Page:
In order to meet the proper quotas, police need to arrest a certain number of people each week. Without proving their necessity with these numbers, police departments don’t have the same ability to gain funding than they otherwise would. Because a significant number of arrests come from cannabis, this makes them afraid of legalization. In 2012, the National Fraternal Order of Police spent a peak $110.2k on lobbying and super PAC spending, while the National Association of Police Organizations have spent a consistent $160k from 2008-2017. When you take into account statistics from the ACLU such as the fact that 52% of all 2010 drug arrests were from cannabis while making a pot bust every 37 seconds on average, the situation looks more like a government subjugation of the people than “protect and serve”.
As prisons gain prisoners, they also gain profit and the prison-industrial complex is no stranger to this controversy. These are the corporations and state facilities which are most likely to lobby for stricter enforcement, longer sentences, and overall greater criminalization of innocuous activities such as smoking cannabis because it means higher profits for them. Although cannabis is not proven to be heavily addictive and much of the violent drug-related crime problem in America is due to prohibition, prisons still lobby for the criminalization of cannabis under false pretenses of addiction and violence. Not to mention the fact the illegality of marijuana has created a massive black market and has never been proven to reduce its use. In the face of all this, organization such as the GEO Group (a “Florida-based company specializing in privatized corrections, detention, and mental health treatment,”) the American Federation of State, County & Municipal Employees, and the Association of Administrative Law Judges have all spent large sums lobbying for greater criminalization.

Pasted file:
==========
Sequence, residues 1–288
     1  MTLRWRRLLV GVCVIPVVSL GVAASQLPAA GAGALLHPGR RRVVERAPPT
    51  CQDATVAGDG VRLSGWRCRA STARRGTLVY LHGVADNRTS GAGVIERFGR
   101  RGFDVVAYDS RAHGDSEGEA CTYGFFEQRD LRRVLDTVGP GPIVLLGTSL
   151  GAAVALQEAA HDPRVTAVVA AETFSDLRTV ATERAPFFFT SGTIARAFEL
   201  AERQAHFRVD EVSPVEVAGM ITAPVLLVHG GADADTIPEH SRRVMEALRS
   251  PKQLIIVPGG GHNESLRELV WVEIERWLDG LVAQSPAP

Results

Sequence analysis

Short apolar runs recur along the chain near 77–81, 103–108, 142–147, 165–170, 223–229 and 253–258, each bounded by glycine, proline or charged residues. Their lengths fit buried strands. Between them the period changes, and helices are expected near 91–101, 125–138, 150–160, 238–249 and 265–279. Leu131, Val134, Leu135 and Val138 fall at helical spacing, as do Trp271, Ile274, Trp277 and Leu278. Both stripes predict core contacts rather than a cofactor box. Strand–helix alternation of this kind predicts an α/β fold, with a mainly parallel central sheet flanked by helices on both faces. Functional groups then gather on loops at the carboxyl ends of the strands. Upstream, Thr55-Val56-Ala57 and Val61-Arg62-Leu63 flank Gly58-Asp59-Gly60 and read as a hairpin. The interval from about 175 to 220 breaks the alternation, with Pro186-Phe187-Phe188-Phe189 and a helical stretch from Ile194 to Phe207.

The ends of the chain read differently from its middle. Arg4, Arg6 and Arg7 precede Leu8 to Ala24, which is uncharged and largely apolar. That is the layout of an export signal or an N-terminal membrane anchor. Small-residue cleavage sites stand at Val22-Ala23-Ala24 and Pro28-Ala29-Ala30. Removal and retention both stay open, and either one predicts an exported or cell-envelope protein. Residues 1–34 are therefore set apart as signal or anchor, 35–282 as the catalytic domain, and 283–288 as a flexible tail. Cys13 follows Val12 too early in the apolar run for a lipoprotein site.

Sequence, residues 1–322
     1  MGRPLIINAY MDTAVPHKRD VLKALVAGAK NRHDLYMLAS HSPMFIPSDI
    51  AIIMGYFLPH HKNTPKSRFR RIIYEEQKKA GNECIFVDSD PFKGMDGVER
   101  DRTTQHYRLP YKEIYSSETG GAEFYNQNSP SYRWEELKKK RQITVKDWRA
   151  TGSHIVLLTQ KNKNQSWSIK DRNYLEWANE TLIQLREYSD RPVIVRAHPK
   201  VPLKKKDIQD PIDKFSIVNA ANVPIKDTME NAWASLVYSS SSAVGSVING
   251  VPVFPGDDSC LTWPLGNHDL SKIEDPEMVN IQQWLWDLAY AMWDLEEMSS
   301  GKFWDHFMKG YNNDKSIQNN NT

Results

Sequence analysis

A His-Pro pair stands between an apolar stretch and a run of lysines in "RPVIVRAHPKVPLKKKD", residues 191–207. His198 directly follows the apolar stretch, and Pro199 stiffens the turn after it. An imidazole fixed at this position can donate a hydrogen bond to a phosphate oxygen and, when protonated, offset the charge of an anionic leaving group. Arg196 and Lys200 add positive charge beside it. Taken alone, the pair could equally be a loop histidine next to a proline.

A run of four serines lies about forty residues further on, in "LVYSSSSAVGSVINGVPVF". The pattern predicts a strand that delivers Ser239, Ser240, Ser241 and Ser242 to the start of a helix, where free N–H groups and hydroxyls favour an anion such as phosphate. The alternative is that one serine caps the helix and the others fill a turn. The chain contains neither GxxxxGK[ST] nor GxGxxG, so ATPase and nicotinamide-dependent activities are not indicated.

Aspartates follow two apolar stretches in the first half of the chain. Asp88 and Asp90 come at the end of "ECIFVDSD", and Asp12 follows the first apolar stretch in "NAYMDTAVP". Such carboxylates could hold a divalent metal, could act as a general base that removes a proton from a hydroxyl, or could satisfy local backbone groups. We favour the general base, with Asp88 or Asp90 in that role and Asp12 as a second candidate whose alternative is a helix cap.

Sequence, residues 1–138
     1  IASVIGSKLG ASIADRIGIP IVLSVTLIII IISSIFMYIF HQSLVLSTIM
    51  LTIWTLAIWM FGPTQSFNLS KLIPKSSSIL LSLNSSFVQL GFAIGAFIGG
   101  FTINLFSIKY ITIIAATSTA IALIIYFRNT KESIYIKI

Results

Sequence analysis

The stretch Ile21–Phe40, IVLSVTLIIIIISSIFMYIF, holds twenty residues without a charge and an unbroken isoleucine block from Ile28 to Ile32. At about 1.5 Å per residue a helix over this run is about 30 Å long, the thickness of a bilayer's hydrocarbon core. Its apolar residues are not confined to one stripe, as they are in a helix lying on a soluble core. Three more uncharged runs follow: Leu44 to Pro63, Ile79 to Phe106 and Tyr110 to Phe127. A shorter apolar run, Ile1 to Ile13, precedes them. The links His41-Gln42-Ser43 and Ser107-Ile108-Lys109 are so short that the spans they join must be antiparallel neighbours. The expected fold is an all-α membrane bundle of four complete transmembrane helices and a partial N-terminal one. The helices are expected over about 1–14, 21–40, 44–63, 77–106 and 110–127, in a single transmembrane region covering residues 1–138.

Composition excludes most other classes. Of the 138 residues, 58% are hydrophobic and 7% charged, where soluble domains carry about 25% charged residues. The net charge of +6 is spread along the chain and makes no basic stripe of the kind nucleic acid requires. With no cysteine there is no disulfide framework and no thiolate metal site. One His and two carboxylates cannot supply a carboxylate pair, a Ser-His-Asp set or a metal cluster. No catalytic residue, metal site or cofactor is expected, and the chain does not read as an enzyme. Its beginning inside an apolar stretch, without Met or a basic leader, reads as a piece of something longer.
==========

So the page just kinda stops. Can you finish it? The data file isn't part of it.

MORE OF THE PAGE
Perhaps the most unsurprising is Big Pharma. Due to a growing awareness of the medicinal benefits of cannabis oils and cannabis-derived CBD, pharmaceutical companies are having a frenzy trying to suppress its use. For the full fiscal year of 2017, Pharmaceutical Health Product companies spent a combined $280 million on annual lobbying. More specifically in the realm of pharmaceuticals, Pfitzer Inc spent $10.5 million, Eli Lilly & Co spent $7.4 million, Express Scripts spent $2.8 million, Merck & Co spent $6.3 million, and AstraZeneca PLC spent $2.8 million.